LONDON — London. After Rio, anything is possible! What about a little more walking?
Well, my personal contribution to saving the planet happens to be my delight. In the days when my long-time paper, the Paris-based International Herald Tribune, was on the Rue de Berri, off the Champs Elysees, I would often walk there from my hotel in the Marais, three or four miles down the Seine. It is quite remarkable that one can conveniently traverse almost the length of one of the world's larger cities without having to leave a towpath or a back alley, except for the last 500-yard -- up from the river.
The same is true of London. Setting off from the hotel on the edge of Kensington Gardens where the Patriotic Front stayed during the London constitutional conference on Rhodesia, now Zimbabwe, it was possible to walk, without touching a main road, through three of London's great parks, one after another, until I reached the Foreign Office. It is a good three miles, and gave me an hour to digest the guerrillas' propaganda before I took in similar spoonfuls from Her Majesty's ministers.
Moscow, after 9 in the evening, is a good walking town, too. There are no bars, few restaurants and, it seems, little socializing by car. The city goes uncannily quiet and one can walk for miles in the older, more tranquil neighborhoods, working off the heavy food and the even heavier conversations.
Dar es Salaam is quiet at any time of day. Despite the humidity and the heat, walking is the best way of imbibing the full range of sights, scents and sounds. Besides, no one, bar the president, cares too much if you arrive late.
American big cities usually defeat me. I try to walk the first day or two. But in the end the sheer volume of traffic and the lack of back lanes and green shortcuts neutralize the compulsion.
Of course, there are exceptions. Chicago's lakefront is a welcome refuge from State Street, and one of my favorite walks of all is to cross the George Washington bridge out of Manhattan, drop down a winding path to the banks of the Hudson, and then follow an almost deserted and barely known old, unpaved coach road way up the river.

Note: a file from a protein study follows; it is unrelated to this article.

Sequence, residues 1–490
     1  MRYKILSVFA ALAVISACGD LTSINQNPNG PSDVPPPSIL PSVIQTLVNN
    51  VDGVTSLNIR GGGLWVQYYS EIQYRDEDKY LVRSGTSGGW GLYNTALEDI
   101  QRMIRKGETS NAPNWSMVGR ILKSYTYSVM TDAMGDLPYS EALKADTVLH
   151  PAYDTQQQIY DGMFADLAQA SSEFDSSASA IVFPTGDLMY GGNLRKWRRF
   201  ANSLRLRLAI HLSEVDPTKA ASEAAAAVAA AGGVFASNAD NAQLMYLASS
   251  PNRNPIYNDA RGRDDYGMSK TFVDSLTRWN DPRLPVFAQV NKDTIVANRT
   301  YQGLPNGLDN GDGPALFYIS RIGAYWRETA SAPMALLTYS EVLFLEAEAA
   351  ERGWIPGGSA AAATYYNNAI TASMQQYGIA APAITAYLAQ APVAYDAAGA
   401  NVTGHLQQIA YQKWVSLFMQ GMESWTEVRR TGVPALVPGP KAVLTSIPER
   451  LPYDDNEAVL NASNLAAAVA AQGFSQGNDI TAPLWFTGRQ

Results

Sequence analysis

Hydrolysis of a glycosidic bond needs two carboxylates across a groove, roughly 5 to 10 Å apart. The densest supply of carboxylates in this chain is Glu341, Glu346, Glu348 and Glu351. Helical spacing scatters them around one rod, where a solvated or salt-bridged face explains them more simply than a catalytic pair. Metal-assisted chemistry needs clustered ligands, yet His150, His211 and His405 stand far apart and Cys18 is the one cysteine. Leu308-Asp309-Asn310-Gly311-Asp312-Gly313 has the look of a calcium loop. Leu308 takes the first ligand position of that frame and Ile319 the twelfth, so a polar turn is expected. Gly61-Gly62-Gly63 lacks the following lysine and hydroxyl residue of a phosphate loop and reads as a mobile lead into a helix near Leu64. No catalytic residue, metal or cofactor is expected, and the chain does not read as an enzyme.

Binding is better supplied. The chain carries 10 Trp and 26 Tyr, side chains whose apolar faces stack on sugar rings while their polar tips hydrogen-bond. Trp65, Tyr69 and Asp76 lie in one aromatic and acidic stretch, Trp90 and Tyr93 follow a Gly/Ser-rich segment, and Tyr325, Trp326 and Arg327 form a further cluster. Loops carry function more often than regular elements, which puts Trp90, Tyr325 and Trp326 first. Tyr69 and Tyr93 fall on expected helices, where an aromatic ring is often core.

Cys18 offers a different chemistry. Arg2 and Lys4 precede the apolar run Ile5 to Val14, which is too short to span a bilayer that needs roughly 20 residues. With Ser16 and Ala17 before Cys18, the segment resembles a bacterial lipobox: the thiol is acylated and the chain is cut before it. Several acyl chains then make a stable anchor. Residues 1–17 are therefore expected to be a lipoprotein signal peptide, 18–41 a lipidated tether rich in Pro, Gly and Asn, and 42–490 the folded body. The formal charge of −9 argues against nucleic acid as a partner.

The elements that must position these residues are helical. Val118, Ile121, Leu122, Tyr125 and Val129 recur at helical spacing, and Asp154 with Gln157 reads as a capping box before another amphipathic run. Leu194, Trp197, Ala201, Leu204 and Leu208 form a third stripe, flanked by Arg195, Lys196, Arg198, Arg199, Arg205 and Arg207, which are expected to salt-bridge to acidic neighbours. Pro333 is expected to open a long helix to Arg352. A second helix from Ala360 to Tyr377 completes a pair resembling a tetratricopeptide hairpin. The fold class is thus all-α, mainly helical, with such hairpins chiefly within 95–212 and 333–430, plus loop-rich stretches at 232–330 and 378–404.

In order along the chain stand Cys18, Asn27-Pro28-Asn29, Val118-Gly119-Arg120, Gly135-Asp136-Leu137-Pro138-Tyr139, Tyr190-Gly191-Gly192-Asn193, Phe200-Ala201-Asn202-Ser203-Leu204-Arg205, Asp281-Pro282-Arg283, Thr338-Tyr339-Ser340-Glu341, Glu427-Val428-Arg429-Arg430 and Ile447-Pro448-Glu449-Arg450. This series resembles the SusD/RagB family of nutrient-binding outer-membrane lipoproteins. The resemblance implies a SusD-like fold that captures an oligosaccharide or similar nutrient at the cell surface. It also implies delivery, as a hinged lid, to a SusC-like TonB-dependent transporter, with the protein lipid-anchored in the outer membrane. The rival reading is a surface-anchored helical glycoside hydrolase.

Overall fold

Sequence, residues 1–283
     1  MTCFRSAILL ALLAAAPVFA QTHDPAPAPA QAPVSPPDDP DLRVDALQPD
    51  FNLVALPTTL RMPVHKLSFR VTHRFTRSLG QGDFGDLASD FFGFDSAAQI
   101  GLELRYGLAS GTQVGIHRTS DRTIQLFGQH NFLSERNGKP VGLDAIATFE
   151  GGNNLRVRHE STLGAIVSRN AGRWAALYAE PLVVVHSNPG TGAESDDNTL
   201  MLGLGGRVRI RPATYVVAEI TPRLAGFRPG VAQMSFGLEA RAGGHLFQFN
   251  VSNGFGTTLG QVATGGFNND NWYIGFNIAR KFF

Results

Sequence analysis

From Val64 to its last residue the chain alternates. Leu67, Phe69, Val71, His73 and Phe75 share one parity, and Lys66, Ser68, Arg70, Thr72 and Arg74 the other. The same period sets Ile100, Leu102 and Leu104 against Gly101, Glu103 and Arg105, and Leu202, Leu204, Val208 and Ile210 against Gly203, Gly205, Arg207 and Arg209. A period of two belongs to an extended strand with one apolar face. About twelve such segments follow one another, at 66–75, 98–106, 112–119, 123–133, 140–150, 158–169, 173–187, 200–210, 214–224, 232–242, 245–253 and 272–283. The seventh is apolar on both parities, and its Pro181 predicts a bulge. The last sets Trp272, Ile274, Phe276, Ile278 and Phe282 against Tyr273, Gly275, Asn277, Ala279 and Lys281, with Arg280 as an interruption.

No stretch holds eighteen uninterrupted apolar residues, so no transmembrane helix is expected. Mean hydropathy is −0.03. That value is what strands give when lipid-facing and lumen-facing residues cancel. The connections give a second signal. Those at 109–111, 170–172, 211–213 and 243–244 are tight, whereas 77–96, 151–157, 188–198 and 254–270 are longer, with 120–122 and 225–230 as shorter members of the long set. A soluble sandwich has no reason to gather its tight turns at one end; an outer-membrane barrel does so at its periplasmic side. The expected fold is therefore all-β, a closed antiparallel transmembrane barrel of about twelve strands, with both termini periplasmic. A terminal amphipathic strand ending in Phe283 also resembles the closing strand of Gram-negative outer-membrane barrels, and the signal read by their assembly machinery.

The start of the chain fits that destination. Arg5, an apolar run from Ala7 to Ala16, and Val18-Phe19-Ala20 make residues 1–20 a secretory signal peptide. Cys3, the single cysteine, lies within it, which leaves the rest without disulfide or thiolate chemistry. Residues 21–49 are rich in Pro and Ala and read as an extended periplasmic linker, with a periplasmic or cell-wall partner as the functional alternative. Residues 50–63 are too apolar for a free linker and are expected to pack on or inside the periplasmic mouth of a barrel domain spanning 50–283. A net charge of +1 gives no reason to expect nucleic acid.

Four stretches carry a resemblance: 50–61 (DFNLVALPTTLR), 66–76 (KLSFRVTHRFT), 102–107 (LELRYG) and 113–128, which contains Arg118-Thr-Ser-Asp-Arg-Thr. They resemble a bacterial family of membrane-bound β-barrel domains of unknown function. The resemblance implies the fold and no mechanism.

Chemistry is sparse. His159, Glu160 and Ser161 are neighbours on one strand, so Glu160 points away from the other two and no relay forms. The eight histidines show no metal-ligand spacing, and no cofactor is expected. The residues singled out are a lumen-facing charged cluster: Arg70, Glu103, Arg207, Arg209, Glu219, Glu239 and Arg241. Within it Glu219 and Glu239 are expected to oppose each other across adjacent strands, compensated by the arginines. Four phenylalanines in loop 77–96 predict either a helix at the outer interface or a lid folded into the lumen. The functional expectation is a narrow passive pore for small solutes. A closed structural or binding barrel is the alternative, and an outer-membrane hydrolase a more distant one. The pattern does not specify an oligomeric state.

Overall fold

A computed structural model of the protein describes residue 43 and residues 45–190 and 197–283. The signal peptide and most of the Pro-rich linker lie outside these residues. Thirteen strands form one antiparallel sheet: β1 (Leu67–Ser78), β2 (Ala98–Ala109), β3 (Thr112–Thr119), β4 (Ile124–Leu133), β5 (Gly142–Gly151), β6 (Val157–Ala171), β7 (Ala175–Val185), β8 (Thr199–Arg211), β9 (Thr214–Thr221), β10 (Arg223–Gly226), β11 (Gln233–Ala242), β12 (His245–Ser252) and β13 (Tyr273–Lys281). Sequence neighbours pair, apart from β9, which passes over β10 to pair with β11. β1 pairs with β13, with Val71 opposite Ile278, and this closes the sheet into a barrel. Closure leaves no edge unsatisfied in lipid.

I concede that I am something of a zealot in these walking matters. I am about as far from Max Beerbohm -- ''It is a fact that not once in all my life have I gone out for a walk'' -- as a writer can be.
Put me down in the Alps, the Rockies, the Andes or just the English Lake District and I'm off. I confess, too, that my motivation is not always exercise, but thought. I'm one of those wedded to Bertrand Russell's dictum: ''Unhappy men would increase their happiness more by walking six miles every day than by any conceivable change in philosophy.''
BTC Coming down to earth, as Rio demands, economic and political necessity alone compel us to walk through this decade, rather than drive. No one I know has calculated how much energy we would save if we all decided to make just one of our daily journeys on foot or by bike, rather than by car. It could not be insignificant. After all, the U.S. transport sector alone accounts for one-seventh of the world's oil consumption.
The problem is how to wean people from the motor car. It is, most of us acknowledge, the all-purpose dream machine. One )) can pile it with everything from dirty laundry to screaming children, batten down the hatches and drive off into the sunrise.
Yet, energy aside, we find it difficult to come to grips with its minuses. What would the public reaction be if 90,000 people were killed in European aircraft disasters every year? What would be said if 63,000 young Americans were beaten to death and 50 times as many injured in street violence? But there is hardly a murmur of protest when these numbers perish on the road, victims of accidents.
Jean Cocteau observed that ''a man on foot is automatically suspect.'' Certainly that is the assumption on which road engineers appear to work these days. Look at the new road built to take the Earth summiteers from the airport to the conference, slashing right through Rio's residential neighborhoods and the park at the sea front.
But we are, like it or not, all walkers. Practically everyone walks at some point, although we have to note that walking makes up only two out of 10 journeys of car-owning young men, while old people without cars walk eight out of 10 of their journeys. Even in car-owning households, nearly 20 percent of journeys are made on foot, and of the most motorized of journeys -- to and from work -- walking accounts for 19 percent. As one might expect, children walk the most, accounting for 31 percent of all pedestrian journeys.
But walking bores the transport planners. It is the antithesis of the type of technical challenge they have been trained to overcome. They prefer to put their energies and money into smoothing the path of the motorized vehicle. Walkers, to coin a phrase, are at the back of the bus.
All this is just to make the simple point: We need cities and towns, and country places too, in which it is easy, safe and pleasant to walk. We should walk more. We should be able to enjoy walking more.
Walkers of the world unite: you have nothing to lose but your gasoline prices!
Jonathan Power writes a column on the Third World.